The application of traditional vicarious liability rules renders employers vicariously liable for the acts of their employees when performed in the scope of their employment (93). Thus, when Norman Munnal killed a woman when he fell asleep at the wheel of a tractor-trailer while driving for his trucking company employer, it was W.L. Logan Trucking Company that faced liability for its driver's acts (94). The trucking company invoked Ohio's version of the "sudden blackout" doctrine to defend Munnal's conduct (95). The employer alleged that it was the driver's "sudden unconsciousness" that caused the truck to move left of center, and that Munnal cannot be liable for losing control under these circumstances (95).
As we have seen, the sudden blackout defense fails if defendant knew that consciousness loss was likely to occur or was otherwise foreseeable (95). Munnal testified that he had a propensity to fall asleep at unpredictable times and that he had fallen asleep at the wheel at least once before (96). A sleep test ordered after the accident revealed that he suffered from severe OSA (96). At trial, Munnal's sleep disorders specialist opined that many sleep apnea patients engage in automatic behavior, such as driving, while unknowingly unconscious (97). The expert distinguished automatic behavior from fainting following a sudden blackout, and opined that distance truck driving was not the right profession for someone with untreated sleep apnea (96).
Even though Munnal testified that he had no knowledge of his sleep apnea before the accident (96), the court ruled that the employee driver was aware of his excessive fatigue and propensity to falling asleep at inopportune times (98). Because of this prior knowledge, the court held Munnal negligent for failing to operate the truck in a safe manner, and further found Munnal's employer trucking company liable for the driver's acts while in the scope of his employment (98). Under the rule in this case, employers' risk management programs would likely benefit from an employee OSA screening and therapy compliance program for employees working at safety-sensitive tasks such as driving.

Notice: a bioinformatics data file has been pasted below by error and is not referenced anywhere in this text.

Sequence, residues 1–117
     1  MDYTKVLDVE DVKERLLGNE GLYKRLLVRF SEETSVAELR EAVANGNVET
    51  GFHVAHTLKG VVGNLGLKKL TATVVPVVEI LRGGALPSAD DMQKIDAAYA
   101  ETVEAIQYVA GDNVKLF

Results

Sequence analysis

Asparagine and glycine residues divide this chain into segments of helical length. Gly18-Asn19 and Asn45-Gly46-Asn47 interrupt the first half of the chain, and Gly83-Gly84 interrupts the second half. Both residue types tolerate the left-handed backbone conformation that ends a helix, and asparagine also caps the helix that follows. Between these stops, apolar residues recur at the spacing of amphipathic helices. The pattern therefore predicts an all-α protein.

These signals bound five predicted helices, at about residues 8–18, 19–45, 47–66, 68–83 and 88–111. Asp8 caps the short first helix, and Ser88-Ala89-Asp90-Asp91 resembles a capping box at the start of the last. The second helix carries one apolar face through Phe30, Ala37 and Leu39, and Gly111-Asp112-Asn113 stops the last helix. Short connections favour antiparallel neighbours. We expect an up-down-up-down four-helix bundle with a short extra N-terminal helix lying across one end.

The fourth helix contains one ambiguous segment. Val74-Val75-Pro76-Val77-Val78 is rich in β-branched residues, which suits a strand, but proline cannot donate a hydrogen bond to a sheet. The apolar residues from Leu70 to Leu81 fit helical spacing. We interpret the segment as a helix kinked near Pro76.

Employers are also exposed to allegations of direct liability if they negligently hire persons with OSA and entrust vehicles to them. To prevail on these direct liability allegations, the injured party must prove that the employee's fatigue was due to the disease, was known to the employer, and proximately caused the accident leading to damages (99).
Growing awareness of general sleep health and expressions of public policy against drowsy driving of the kind codified in New Jersey by Maggie's law and New York's Bell Regulations (limiting medical residents' work hours) (100) sets the stage for actions against employers brought by unknown third parties injured by overworked, and likely fatigued, employees.
The legal question in such circumstances is whether the employer owes a duty to control the off-duty conduct of its employee. Although the general rule is that employers owe no duty to third parties for the off-duty acts of their employees, (101) at least one court has re-fashioned tort principles to find an employer liable for accidents caused by employees presumably fatigued due to over-scheduling by their employer (102). The same result obtains on similar facts under workmen's compensation law (103).
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